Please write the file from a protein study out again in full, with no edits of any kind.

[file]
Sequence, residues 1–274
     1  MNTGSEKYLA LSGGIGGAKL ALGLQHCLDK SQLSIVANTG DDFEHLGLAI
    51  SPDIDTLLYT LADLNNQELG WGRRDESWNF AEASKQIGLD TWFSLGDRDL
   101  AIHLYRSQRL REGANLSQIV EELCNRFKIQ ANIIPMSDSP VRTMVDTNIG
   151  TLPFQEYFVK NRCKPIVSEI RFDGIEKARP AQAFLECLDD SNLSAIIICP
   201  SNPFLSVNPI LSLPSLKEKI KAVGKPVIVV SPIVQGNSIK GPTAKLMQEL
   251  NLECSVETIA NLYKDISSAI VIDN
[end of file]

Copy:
Sequence, residues 1–274
     1  MNTGSEKYLA LSGGIGGAKL ALGLQHCLDK SQLSIVANTG DDFEHLGLAI
    51  SPDIDTLLYT LADLNNQELG WGRRDESWNF AEASKQIGLD TWFSLGDRDL
   101  AIHLYRSQRL REGANLSQIV EELCNRFKIQ ANIIPMSDSP VRTMVDTNIG
   151  TLPFQEYFVK NRCKPIVSEI RFDGIEKARP AQAFLECLDD SNLSAIIICP
   201  SNPFLSVNPI LSLPSLKEKI KAVGKPVIVV SPIVQGNSIK GPTAKLMQEL
   251  NLECSVETIA NLYKDISSAI VIDN